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Corvallis Gazette Times 4/29/13

Plant ecologist Tom Kaye smiled wide last week as he motioned to a cluster of flowering golden paintbrush. He and his team planted them as seeds in 2010 at Finley National Wildlife Refuge.

“This plant helps pollinators,” he said.

As if on cue, two bumblebees appeared, each hovering over one of the endangered plants.

“There it is in action!” Kaye said, pointing to the bees, which were doing their part to ensure that golden paintbrush flourishes.

As director of the Institute for Applied Ecology, Kaye lives for this stuff.

The Corvallis nonprofit just wrapped up the massive planting phase of a project to re-establish at least five populations of 1,000 flowering plants in the Willamette Valley. To be sure to hit the goal, IAE planted golden paintbrush at three sites at Finley, one at Baskett Slough National Wildlife Refuge, one at Lupine Meadows near Philomath, one at Cardwell Hill area near Wren, one at Fitton Green and other sites near Eugene.

Two weeks ago, Monroe High School students helped plant about 600 of the 1,000 seedlings at the base of Pigeon Butte at Finley. Last week, an IAE team finished the last of the major planting at a Eugene area site.

Some naturally-grown batches of golden paintbrush can be found Washington and British Columbia, but the plant has been extinct in Oregon since 1938 when the last known specimen was collected near Peterson Butte outside Lebanon.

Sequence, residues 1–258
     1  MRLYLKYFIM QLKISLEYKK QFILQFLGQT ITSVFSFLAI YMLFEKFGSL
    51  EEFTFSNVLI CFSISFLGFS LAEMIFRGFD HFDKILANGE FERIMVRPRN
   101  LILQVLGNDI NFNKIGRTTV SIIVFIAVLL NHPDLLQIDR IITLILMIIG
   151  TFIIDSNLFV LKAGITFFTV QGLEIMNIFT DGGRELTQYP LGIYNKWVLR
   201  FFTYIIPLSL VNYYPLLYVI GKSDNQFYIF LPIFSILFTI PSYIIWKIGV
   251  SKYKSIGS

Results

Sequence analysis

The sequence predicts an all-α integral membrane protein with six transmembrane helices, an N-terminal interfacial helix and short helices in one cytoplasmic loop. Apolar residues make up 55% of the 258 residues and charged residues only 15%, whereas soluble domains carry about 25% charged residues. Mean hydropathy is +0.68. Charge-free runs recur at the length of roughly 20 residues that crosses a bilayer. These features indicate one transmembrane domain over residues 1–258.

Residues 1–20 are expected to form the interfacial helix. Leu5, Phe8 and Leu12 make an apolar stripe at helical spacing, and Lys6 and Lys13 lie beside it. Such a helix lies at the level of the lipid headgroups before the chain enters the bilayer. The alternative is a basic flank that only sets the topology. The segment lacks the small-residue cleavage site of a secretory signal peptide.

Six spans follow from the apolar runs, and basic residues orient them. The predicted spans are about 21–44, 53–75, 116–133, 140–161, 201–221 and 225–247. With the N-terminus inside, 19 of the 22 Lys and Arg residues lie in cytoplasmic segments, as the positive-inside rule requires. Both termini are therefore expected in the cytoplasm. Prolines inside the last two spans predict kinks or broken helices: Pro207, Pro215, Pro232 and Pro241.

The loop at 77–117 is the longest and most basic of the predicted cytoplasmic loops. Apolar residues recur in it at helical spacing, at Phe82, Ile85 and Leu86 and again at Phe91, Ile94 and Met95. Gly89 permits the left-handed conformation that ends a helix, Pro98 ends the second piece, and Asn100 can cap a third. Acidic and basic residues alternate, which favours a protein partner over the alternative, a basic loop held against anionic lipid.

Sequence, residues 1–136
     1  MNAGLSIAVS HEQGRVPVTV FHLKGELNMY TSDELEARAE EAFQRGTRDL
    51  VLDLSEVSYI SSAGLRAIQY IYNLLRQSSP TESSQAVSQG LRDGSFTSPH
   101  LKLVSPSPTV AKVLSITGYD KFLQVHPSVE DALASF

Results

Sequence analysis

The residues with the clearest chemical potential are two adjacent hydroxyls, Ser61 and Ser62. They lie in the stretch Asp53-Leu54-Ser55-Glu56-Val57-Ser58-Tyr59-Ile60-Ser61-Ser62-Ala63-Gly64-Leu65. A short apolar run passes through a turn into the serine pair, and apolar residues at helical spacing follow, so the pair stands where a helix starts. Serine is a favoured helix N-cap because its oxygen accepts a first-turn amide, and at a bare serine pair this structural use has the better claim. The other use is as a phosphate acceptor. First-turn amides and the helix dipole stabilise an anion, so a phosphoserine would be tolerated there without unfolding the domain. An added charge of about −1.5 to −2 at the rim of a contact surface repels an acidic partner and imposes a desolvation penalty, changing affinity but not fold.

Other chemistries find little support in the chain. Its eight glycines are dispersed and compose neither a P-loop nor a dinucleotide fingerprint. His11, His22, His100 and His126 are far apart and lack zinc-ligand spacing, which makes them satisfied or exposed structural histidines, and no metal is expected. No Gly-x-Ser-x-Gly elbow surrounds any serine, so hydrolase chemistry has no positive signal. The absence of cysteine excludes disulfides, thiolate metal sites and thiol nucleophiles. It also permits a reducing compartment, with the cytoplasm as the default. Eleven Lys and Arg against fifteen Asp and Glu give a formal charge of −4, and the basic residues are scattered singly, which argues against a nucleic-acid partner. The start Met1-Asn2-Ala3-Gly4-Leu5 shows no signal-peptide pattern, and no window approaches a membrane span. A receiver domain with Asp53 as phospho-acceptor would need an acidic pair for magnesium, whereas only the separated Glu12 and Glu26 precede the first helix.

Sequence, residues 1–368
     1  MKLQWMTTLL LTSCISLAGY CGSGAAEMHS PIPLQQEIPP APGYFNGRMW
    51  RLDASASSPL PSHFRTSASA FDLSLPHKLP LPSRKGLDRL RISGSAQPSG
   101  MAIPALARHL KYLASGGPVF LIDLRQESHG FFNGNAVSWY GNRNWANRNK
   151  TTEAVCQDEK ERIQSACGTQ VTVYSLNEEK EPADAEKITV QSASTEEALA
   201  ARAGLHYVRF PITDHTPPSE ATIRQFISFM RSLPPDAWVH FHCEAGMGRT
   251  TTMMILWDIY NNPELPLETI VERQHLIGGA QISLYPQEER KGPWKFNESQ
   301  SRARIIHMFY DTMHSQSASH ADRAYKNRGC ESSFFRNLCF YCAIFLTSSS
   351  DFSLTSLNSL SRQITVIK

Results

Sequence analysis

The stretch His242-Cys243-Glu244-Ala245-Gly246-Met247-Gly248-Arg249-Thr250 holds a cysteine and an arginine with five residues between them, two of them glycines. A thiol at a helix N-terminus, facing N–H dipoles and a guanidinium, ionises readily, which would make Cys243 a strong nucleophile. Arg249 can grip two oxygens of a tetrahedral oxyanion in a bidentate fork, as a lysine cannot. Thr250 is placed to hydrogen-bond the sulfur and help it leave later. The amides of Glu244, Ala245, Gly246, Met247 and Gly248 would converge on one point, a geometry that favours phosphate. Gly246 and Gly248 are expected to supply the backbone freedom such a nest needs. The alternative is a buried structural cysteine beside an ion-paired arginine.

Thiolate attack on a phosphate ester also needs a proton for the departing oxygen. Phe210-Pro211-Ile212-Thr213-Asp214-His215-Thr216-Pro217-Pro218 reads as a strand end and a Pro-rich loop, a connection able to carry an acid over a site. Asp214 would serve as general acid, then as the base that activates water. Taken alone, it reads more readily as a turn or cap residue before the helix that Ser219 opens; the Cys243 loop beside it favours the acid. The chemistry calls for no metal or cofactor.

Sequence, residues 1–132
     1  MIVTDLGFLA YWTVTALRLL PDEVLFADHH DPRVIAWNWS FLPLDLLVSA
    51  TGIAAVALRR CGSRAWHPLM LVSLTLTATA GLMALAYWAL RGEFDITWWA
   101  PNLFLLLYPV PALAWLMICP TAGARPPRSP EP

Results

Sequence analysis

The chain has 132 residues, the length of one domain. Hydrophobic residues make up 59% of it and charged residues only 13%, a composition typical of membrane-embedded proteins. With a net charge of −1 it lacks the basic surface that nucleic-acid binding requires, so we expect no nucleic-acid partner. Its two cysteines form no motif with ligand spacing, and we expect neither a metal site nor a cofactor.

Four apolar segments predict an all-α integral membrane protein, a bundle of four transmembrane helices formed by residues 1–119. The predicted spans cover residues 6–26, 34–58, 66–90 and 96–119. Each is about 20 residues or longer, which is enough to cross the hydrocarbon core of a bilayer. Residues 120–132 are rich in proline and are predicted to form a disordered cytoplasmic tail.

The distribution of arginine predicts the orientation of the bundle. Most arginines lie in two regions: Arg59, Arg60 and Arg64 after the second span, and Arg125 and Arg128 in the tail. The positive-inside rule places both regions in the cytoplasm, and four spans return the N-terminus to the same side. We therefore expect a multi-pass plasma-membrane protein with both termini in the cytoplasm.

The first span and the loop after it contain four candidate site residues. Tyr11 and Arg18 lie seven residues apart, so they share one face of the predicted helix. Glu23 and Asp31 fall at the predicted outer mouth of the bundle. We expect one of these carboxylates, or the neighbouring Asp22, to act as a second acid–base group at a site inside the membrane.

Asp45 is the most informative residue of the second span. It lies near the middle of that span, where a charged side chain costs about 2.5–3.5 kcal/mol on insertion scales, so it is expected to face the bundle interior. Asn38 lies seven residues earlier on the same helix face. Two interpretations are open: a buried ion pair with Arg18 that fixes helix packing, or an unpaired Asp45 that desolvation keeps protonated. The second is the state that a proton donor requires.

Funded by a grant from the U.S. Fish & Wildlife Service and a small foundation called Willamette Habitat Restoration, the project is part of a larger effort to re-establish the plant throughout its historic range: Willamette Valley, western Washington, San Juan Islands and Vancouver Island.

Golden paintbrush is related to the familiar red Indian paintbrush and looks similar only, well, golden.

“It was lost in the Willamette Valley probably due to habitat loss and fire suppression,” Kaye said.

Its habitat disappeared when land was converted to farms or roads, invasive weeds took over, and fire suppression allowed woods to encroach on prairies.

Because golden paintbrush is a parasite, it keeps the population of its host plants in check and that encourages biodiversity, which is healthy for any ecosystem, Kaye said. Sometimes certain plants — even some native species planted as part of a restoration project — can become too dominant, crowding others out.

“This plant is kind of like a vampire under the ground, but it doesn’t kill its hosts,” he said. “It just draws some nutrients and other sources like water from the plants.”

In addition, golden paintbrush is important food for pollinators, Kaye said, and it can host Taylor’s checkerspot butterflies, a species that has been proposed for the endangered species list.

IAE has been working on recovery efforts for the plant since 2004, but it ramped up its efforts in 2010 when it secured grant funding.

When IAE botanists began the work, they first had to unlock the secrets of growing the plants in a greenhouse, and how and in what habitat to successfully transplant them.

“Then in 2010, we started larger scale productions to implement what we learned about the species, and in the process, we learned more,” Kaye said.

Because there is little historical literature about where the plant grew in Oregon, they experimented by spreading seeds and seedlings in a variety of places. Since 2010, they’ve planted 60 plots, which they continue to measure and monitor.

“This thing is back from the brink,” Kaye said. “… We’re really hopeful that this is going to be an endangered species success story.”

In the photo: BPP Grad Caitlin Lawrence plants, while IAE Biology Intern Isaac Sandlin brings the supplies